The Therapeutic Approach for Relapsed CML - Episode 2

Treatment Approach for Relapsed CML

Javier A. Pinilla-Ibarz, MD, PhD:Today we are very fortunate to have several options for the treatment of newly diagnosed chronic phase chronic myeloid leukemia. There are 3 agents approved for frontline therapy. The first is imatinib, the second one is nilotinib, and the third one is dasatinib.

When we really discuss with our patient initial therapy for treatment of chronic phase chronic myeloid leukemia, it’s very important to really have the feedback of our patient in terms of dosing as well as to really take into consideration any potential comorbid condition the patient may experience or have experienced before as this may predispose them to have complications to specific drugs that we’re going to prescribe.

So, it’s important to take into consideration the past medical history of a patient who we really start therapy, or we need to decide to change therapy, with a tyrosine kinase inhibitor. In this case, the patient has a history of long QTC. There’s also history of current kidney disease, as well history of lung cancer treated with surgery, but also complicated by pleural effusion of thoracentesis. In this regard, all these comorbid conditions may really make us choose certain drugs or preferentially certain drugs versus others, at least considering that some of the drugs that we are currently use for the treatment of chronic myeloid leukemia may have complications such as pleural effusion and prolonged QTC, or even they may, in the long run in some cases, potentially decrease glomerular filtration.

The treatment of chronic myeloid leukemia in older patients is challenging and this is because of the multiple comorbid conditions that are very well studied, that most of the patients with CML are 60 to 65 years old presenting, as well as many, many times the polypharmacy that these patients are receiving. These are very, very important factors to consider at the time for which TKIs may be better tolerated, but also very important as predictors of potential side effects of each of the drugs that we are going to prescribe.

The patient on this case was treated with imatinib. Although we know that imatinib is a good frontline drug for the treatment of patients with chronic myeloid leukemia, we also know that the trial has been performed. And comparing imatinib with a second-generation TKI, one of the advantages to really treat patients with a high-risk Sokal score is that they have less progression during the first year and they achieve faster and deeper response. In this case, although no one can say that is contraindicated, the decision to really use a second-generation TKI should have be discussed with the patient because they may have some advantage in terms of better response during this first year.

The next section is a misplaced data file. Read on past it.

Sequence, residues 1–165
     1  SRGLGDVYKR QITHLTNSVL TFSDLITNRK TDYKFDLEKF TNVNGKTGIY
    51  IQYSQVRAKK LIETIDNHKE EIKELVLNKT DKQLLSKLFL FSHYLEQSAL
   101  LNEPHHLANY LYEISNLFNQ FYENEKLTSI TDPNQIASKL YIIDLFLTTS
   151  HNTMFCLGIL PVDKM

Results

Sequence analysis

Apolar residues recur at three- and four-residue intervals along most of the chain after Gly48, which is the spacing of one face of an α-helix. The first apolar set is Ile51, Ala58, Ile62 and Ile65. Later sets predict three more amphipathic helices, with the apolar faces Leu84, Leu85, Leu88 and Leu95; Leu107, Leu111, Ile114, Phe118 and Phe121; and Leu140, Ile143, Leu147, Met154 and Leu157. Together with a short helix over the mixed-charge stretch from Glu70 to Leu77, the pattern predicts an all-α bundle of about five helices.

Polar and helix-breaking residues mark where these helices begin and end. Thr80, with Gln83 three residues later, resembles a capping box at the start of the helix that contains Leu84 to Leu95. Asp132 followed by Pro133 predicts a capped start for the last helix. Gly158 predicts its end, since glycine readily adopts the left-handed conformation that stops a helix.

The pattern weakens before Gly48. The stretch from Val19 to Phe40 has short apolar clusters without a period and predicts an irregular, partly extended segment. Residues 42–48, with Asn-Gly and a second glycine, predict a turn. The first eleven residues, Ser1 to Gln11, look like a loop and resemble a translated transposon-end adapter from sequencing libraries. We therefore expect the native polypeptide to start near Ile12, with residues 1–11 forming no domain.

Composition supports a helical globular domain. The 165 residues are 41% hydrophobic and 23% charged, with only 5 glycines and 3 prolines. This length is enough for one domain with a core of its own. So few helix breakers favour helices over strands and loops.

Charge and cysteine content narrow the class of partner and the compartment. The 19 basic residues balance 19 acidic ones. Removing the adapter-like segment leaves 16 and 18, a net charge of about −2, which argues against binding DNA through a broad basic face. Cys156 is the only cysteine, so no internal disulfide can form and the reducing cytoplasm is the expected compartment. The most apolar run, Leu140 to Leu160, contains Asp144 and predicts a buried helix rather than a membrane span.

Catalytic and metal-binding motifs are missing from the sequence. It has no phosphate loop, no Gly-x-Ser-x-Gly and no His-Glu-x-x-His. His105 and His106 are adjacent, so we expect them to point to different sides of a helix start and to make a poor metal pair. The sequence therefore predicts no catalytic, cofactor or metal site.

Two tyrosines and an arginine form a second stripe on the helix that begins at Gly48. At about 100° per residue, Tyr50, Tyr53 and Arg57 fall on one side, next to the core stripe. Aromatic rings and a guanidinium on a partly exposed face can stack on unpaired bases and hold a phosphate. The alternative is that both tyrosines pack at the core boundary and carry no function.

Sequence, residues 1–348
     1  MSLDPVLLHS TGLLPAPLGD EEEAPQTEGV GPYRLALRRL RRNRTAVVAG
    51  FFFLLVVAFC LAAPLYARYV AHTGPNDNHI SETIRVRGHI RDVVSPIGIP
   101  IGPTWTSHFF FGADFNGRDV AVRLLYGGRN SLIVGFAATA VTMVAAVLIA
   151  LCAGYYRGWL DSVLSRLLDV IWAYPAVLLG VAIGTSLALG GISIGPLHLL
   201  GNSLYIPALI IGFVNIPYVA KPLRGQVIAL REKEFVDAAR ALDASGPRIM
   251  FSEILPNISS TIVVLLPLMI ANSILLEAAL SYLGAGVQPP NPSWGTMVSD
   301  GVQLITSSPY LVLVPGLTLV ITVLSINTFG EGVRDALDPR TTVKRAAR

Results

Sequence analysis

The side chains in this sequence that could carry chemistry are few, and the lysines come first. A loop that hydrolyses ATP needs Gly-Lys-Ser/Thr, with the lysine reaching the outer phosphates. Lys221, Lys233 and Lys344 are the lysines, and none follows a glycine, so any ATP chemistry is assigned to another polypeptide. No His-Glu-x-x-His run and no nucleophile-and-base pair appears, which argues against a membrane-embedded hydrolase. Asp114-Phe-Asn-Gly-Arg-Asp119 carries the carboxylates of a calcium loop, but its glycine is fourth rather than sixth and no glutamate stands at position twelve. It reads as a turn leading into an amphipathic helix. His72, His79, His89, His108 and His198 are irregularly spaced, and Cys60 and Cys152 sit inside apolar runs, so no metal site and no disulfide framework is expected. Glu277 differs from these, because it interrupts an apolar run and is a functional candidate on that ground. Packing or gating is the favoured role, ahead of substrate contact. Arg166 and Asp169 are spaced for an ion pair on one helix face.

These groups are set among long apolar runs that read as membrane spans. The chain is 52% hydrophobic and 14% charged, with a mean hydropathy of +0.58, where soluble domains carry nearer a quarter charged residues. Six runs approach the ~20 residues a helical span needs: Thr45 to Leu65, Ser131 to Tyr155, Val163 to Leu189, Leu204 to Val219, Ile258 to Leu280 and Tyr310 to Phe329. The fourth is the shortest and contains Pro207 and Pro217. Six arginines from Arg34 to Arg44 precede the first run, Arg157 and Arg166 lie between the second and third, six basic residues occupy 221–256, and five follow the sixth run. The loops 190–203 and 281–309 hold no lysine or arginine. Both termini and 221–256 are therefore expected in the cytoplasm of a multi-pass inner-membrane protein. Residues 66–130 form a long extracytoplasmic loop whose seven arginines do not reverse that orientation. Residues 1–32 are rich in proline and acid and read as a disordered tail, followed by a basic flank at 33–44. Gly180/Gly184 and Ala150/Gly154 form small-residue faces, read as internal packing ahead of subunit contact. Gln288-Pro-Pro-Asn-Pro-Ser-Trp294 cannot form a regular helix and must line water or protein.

In any patient who we decide to start treatment with a tyrosine kinase inhibitor, it is also important to take into consideration all these comorbid conditions. So, it’s very important to really control any abnormalities and any other comorbidities that can really increase the toxicity of the drugs that we’re going to prescribe. In this case, it’s important to really have a close collaboration with the primary physician, even with the cardiologist, to really work as a team and to try to avoid comorbid conditions that can affect the toxicity of the drugs that we’re going to prescribe.

Transcript edited for clarity.

A Patient With Relapsed CML and Comorbidities

December 2015

  • A 64-year-old male presented to his PCP with symptoms of fever, LUQ pain, and severe fatigue.
  • PMHx:
    • 2012: fainting associated with Long QT syndrome managed on propranolol.
    • 2014: stage 3 kidney disease (GFR; 45 mL/min)
    • 2014: NSCLC, stage IIA squamous histology treated with resection and chemoradiotherapy, pleural effusion managed with thoracentesis
  • PE: spleen palpable 1.5 inches below costal margin
  • CBC:
    • WBCs, 172,000/μL (metamyelocytes, 3%; myelocytes, 6%; basophils, 6%; blasts, 2%;
    • HCT, 30%
    • Platelets, 536,000/μL
    • Hb, 9.9 g/dL
  • Bone marrow biopsy: Ph+ in 20/20 metaphases
  • Q-PCR; BCR-ABL1/ABL1 ratio, 90%
  • The patient was started on therapy with imatinib 400 mg

  • March 2015:BCR-ABL1, 10% Q-PCR
  • June 2015:BCR-ABL1, 6% Q-PCR
  • September 2015:BCR-ABL1, 9% Q-PCR

December 2016:

  • BCR-ABL1, 15% Q-PCR
  • Bone marrow biopsy: Ph+ in 10/20 metaphases
  • Genetic testing was negative for known TKI resistance mutations
  • CBC normal count